Thursday, September 07, 2017

Poetry Friday: More from Jane Kenyon

I've posted quite a few Jane Kenyon poems recently, here, here, and here.  Today I have another one from her.


The Pond at Dusk
by Jane Kenyon

A fly wounds the water but the wound   
soon heals. Swallows tilt and twitter   
overhead, dropping now and then toward   
the outward-radiating evidence of food.

The green haze on the trees changes   
into leaves, and what looks like smoke   
floating over the neighbor’s barn   
is only apple blossoms.

But sometimes what looks like disaster   
is disaster: the day comes at last,
and the men struggle with the casket   
just clearing the pews.



We've spent the day today (Thursday) waiting for Hurricane Irma to pass to the north of us here in Haiti. This time it seems that what looked like disaster wasn't, not for us.  We had a few minutes of rain, and it was, unusually, overcast all day long, but that was it.  For St. Maarten and Barbuda it sure was disaster, though, and for some on this island, too.  You never know, and that day will come for all of us.

I don't have very cheerful thoughts today, but check out this week's Poetry Friday roundup, hosted by Matt Forrest Esenwine, who's celebrating the release of his new book!

12 comments:

Matt Forrest Esenwine said...

Love Jane's work...thanks for sharing this, Ruth!

Irene Latham said...

A fly "wounds" the water. How brilliant is that?! Thank you, Ruth... and so glad it was not disastrous for Haiti. So hard to watch these storms. Keep shining your light! xo

Carol Varsalona said...

But sometimes what looks like disaster is disaster-what a troubling thought in an unsettling world. Stay safe Ruth. Live is uncertain and fragile.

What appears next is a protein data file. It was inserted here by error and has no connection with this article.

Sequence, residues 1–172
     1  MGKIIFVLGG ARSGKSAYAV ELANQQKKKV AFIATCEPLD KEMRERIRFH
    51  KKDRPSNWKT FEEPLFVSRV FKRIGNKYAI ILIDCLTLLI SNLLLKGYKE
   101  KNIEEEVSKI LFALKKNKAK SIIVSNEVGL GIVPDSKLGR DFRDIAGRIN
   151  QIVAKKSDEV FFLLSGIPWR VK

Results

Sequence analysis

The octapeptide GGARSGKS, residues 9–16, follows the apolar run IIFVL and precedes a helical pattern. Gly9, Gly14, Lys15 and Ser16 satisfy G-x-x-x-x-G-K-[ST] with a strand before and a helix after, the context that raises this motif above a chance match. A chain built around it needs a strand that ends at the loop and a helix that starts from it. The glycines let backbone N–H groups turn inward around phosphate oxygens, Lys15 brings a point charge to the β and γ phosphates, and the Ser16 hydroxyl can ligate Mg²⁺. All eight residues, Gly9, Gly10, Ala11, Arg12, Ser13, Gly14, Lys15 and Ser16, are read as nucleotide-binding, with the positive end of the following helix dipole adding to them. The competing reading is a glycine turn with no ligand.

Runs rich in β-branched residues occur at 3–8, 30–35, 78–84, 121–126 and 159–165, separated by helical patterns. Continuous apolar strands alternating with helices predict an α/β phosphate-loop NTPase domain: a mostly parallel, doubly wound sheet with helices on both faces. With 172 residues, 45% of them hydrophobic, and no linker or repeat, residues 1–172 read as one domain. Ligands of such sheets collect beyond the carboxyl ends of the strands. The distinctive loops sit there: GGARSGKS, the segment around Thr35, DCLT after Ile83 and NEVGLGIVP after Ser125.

Linda B said...

I'm happy that your day did not come, Ruth, but am sad and worried for all the lives these hurricanes have wrecked, and more to come. Beautiful poem, and heavy from Kenyon's heart, it seems.

Kay said...

I'm glad you escaped disaster this time, and I hurt for those who did not this time around. Thank you for sharing the Kenyon poem. She has such wise words.

Mitchell Linda said...

I've been wondering and am relieved to see you check in. Thank you, Ruth for the poem that is a story and a lesson and a moment of beauty. Struggling to clear the pews....

Jane @ www.raincitylibrarian.ca said...

Glad to hear that you were spared this time around. Hurricanes and tornadoes and other natural disasters are such a staggering reminder of how powerless humanity can be. No matter how advanced we feel we are, there are still some forces we just can't control.

Margaret Simon said...

We know all too well the disaster of hurricanes here in South Louisiana. We've dodged Harvey and now Irma will pass us by, but the feeling is not relief. It's grief for those who are in the path because we know. Love this beautiful Jane Kenyon poem. I posted her "When Evening Comes" which is also about death, but with a bit more hopefulness.

Violet Nesdoly said...

I was thinking of you in relation to the hurricane, Ruth. So glad to hear all is well!

What an interesting poem! Just when one thinks there surely can be no more ways to describe a given scene, someone like Kenyon comes up with scenery as mirage. And what a perfect poem to express the close call you've just experienced. (You could never post too much Jane Kenyon!)

Mary Lee said...

No, it's not cheery, but it's quite realistic to understand that disaster will come to each of us in some form sooner or later. We may not have the opportunity to watch it approaching on radar, but it's out there. And we'll deal with it somehow.

michelle kogan said...

True, and heavy words Jane Kenyon writes. Death and destruction by disasters are difficult to deal with in so many ways. I'm glad you are safe. Thanks for sharing her poem.

Brenda Harsham said...

Kenyon is not cheery, and yet, the beauty of her words is a consolation. As are yours, Ruth. I'm glad it wasn't your turn for a hurricane. We get them here, too, and I'm glad it's not our turn yet. But I know one day, we will get another.